Last week, I listed several reasons why one might want to own funds instead of stocks. Generally speaking, those reasons are exceptions to this general rule: If you are willing to invest the time it takes to learn how to pick stocks, and to manage your own portfolio, you have an excellent chance of outperforming the market and most mutual funds over time.

The case for buying stocks has been made over and over here at the Fool, so I won't rehash it in detail. Simply put, savvy individual investors have a few advantages over Wall Street, and if you take the time to learn how to exploit them, you stand a good chance of outperforming most of the people who are paid to manage money for a living. But for many investors who have no experience holding stocks directly, or who got discouraged after losing money following the dot-com boom, investing in stocks starts with a simple but daunting question: How do I know what to buy?

Learning to pick stocks
First of all, don't be intimidated by dire warnings from your brother-in-law the broker or by those Wall Street pundits who say that "individual investors shouldn't own stocks." It's just hogwash, plain and simple. Most of the people who make statements like that have some long story about a guy who lost everything because he put his life savings into the IPO or something similar, and I don't doubt that there are people like that out there. But we're not going to join them. Warren Buffett has long maintained that any reasonably bright person can learn to pick stocks well, and thousands of satisfied Fools agree. Here's how to get rolling as a stock investor:

  • Read, read, read. Get a few good books and learn how the markets work and the basics of stock picking. I suggest you start with The Motley Fool Investment Guide by founding Fools David and Tom Gardner, One Up on Wall Street by Peter Lynch, and The Little Book That Beats the Market by Joel Greenblatt, but there are other good books out there as well. (If you need a really basic starting point, the Greenblatt book is the one. It's a masterpiece, and super-easy to understand.) Whatever you choose should explain the basics of fundamental analysis, emphasize the importance of research and of sticking to stocks you understand, and offer good and bad historical examples to help you understand how investment decisions play out in practice.
  • Talk with more experienced investors. Find some savvy stock-pickers to talk to -- either among your friends or here on the Fool's message boards. Ask them how they find good stocks, and about their evaluation process. Bounce your ideas off of them. Ask them about their past mistakes, and learn from them. Learn the tricks of long-term success, like how to develop the discipline to hold through volatility. Books are great for giving you the concepts and the language of stock investing, but real wisdom often comes from the questions you can't ask a book.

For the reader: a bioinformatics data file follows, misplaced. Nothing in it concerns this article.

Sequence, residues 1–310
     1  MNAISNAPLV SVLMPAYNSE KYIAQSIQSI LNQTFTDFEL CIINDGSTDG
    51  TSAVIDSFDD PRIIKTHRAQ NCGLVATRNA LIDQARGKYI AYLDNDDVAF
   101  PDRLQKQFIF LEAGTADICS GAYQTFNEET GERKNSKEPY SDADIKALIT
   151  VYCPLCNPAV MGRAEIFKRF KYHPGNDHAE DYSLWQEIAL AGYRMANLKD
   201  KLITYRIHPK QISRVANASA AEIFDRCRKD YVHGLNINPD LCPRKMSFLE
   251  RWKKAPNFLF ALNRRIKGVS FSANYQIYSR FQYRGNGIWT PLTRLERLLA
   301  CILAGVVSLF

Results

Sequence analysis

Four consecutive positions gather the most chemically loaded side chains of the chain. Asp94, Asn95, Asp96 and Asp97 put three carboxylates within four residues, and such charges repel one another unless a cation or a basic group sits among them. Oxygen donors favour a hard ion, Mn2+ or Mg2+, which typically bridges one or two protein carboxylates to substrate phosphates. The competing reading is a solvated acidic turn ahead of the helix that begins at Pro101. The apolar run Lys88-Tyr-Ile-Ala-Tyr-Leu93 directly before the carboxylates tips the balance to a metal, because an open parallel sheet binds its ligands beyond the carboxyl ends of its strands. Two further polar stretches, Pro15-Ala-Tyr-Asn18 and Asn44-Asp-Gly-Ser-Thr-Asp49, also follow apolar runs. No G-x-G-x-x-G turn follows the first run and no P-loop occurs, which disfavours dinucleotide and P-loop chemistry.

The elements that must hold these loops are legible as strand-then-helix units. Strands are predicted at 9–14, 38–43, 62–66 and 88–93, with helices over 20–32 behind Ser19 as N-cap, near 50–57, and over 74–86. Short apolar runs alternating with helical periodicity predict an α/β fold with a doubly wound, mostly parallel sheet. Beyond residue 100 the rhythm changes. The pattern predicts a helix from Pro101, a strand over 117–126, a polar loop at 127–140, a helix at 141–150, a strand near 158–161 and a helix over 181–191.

• Follow stocks that seem promising. Using your newfound knowledge and wisdom, pick a few companies to follow. You can work from lists of promising stocks generated via a stock screener or found on the Fool's CAPS center, or you can simply pick a few companies you like and admire. Love your new Prius? Check out Toyota (NYSE:TM). Need a grande mocha latte every morning? Lots of investors love Starbucks (NASDAQ:SBUX), especially as a long-term holding. Just got back from vacation? Read up on Southwest Airlines (NYSE:LUV). This doesn't always work -- loving your new Mustang doesn't mitigate Ford's (NYSE:F) chronic corporate difficulties, for example -- but even the exercise of researching Ford will add to your storehouse of knowledge and wisdom.
  • Consider a newsletter subscription. Yeah, I know: I've been telling you how to pick stocks, and now I'm telling you to hire someone else to make picks for you. But hear me out. A good newsletter writer doesn't just make picks -- he or she explains them in great detail, lays out the case, and reviews all of the factors that led to the choice. Those reviews can be an incredible education for the aspiring stock picker, as they give you key insights into a successful stock picker's thinking. A really good newsletter service can also offer you ideas for improving your own stock picking, as well as a way to offer feedback and ask questions of the writers. The Motley Fool's Stock Advisor newsletter service, led by founding Fools David and Tom Gardner, offers all of these things backed by an impressive track record. Past picks such as (NASDAQ:PCLN), UnitedHealth Group (NYSE:UNH), and Garmin (NASDAQ:GRMN) have all more than doubled since first being identified by the Gardners and their team, and they aren't the only ones. Overall, Stock Advisor is outperforming the market by over 37% since inception. The cost is trivial compared to the gains that are available, and the cost of a trial is even more trivial -- you can have a free pass that gives you full access to the current issue, all of the archives, and the special members-only discussion board just by clicking here -- it's good for 30 days.

Fool contributor John Rosevear does not own any of the stocks mentioned in this article., UnitedHealth Group, and Garmin are Stock Advisor selections. The Motley Fool has a disclosure policy.